It might not be enough to to just work out at the gym of you spend much of the rest of the day sitting down.  A government survey shows that Americans are more sedentary than ever. That is a problem even among people who exercise regularly.



An increasingly popular way people are trying to coax more exercise into their lives is by tracking their movements using a bevy of small electronic devices from companies like Fitbit Inc., Jawbone and Nike. Some devices are pedometers, tracking steps. More sophisticated gadgets, known as accelerometers, measure the rate at which a person moves and convert this into calories expended.

“We’ve been very focused on exercise and making sure you get your half-an-hour a day of moderate and vigorous physical activity. But what we’ve not focused on so much is how you spend the rest of your day,” says Bonnie Spring, director of the Center for Behavior and Health at Northwestern University.

Americans on average take 5,117 steps a day, according to a 2010 study published in the journal Medicine & Science in Sports & Exercise. A good daily goal, by contrast, is 10,000 steps, according to the American Heart Association and other experts. Research studies have found that such a regimen results in modest weight loss, improved glucose tolerance in people at risk of developing diabetes and other benefits, says David Bassett Jr., co-author of the 2010 study and a professor in the department of kinesiology, recreation and sport studies at the University of Tennessee.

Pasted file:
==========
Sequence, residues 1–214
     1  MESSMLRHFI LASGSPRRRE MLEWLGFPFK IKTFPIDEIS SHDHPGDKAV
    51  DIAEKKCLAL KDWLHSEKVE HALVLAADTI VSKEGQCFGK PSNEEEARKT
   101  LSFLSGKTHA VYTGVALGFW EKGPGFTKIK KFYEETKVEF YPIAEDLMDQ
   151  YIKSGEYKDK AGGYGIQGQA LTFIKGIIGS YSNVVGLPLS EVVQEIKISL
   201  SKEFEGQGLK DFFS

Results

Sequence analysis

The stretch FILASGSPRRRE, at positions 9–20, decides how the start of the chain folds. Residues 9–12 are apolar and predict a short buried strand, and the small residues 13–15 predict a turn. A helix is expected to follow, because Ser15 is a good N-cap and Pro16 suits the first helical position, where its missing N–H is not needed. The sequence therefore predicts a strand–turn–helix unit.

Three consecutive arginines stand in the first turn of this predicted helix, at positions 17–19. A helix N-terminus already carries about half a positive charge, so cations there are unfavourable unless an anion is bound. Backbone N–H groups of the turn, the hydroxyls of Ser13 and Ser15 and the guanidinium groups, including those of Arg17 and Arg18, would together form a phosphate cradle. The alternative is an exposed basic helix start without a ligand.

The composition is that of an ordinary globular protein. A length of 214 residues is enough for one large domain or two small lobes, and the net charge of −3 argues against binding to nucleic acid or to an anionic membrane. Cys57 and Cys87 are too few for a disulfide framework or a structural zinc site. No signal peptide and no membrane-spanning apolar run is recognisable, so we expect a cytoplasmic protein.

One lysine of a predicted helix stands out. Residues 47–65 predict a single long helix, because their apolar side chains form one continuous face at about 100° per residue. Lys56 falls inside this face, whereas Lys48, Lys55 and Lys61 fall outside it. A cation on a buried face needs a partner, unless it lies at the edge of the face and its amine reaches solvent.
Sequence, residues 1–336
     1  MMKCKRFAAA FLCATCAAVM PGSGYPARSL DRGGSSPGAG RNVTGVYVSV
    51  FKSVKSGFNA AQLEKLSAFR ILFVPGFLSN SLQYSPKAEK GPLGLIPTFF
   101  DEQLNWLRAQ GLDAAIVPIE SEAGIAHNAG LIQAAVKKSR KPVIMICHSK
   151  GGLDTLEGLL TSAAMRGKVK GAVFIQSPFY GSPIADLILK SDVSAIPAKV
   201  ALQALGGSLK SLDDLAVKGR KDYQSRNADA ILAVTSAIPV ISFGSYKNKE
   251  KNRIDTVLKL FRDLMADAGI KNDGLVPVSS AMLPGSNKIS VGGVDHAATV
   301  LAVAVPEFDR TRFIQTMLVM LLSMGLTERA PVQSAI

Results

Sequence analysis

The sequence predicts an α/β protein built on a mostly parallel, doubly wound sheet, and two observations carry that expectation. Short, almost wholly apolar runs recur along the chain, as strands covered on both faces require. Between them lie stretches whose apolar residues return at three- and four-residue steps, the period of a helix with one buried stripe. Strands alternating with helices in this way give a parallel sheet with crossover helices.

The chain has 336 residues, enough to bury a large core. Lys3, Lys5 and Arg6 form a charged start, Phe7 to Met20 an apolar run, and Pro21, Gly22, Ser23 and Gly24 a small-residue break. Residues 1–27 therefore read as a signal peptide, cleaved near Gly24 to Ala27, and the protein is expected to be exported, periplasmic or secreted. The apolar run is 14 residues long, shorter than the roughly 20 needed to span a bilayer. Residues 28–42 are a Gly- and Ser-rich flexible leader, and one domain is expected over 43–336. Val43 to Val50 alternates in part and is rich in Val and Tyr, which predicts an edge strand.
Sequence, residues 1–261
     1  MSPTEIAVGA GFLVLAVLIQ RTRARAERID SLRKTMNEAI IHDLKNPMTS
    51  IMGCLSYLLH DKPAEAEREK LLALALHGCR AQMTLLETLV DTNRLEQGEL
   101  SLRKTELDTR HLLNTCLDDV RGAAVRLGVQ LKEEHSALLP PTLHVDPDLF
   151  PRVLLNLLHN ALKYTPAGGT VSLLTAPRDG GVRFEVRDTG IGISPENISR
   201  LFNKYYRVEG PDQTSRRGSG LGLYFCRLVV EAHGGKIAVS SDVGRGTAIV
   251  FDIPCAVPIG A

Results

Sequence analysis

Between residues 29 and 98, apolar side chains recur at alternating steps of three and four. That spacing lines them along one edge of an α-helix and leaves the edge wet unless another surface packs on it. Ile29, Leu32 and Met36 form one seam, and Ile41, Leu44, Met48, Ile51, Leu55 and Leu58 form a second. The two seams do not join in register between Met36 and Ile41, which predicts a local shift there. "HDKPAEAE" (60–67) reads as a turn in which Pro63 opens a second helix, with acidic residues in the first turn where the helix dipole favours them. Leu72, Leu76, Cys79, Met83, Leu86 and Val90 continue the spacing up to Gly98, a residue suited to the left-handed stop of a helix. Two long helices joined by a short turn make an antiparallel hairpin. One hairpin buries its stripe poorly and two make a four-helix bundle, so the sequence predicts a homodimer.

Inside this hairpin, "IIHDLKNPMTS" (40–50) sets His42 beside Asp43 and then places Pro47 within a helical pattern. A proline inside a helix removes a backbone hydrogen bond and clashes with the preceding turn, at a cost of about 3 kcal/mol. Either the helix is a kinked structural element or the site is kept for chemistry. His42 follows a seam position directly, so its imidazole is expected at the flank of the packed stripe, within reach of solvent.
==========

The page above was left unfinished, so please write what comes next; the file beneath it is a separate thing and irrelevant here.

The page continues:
Walking a mile roughly equals 2,000 steps. Climbing a flight of stairs—roughly 10 steps—is equivalent to taking 38 steps on level ground, Dr. Bassett says.

A study that followed more than 240,000 adults over 8½ years found that watching a large amount of television was associated with a higher risk of death, including from cardiovascular disease—even for participants who reported seven or more hours a week of moderate-to-vigorous exercise. The research, published in 2012 in the American Journal of Clinical Nutrition, used TV viewing and overall sitting time as a proxy for sedentary behavior.

“Our results suggest that exercise alone may not be enough to eliminate risks associated with too much sitting,” says Charles Matthews, lead author of the study and an investigator with the National Institutes of Health. He says estimates from government surveys indicate that people’s sedentary time outside of work has increased by about 40% between 1965 and 2009.

People who live in Colorado, where obesity rates are relatively low, take an average of 6,500 steps a day, a 2005 study found. By contrast, residents of Tennessee and Arkansas, where the obesity rates are much higher, take an average of 4,500 steps a day. “We don’t know that it’s cause and effect obviously, but the states with lower obesity rates have the higher number of steps,” says James Hill, executive director of the Anschutz Health and Wellness Center at the University of Colorado.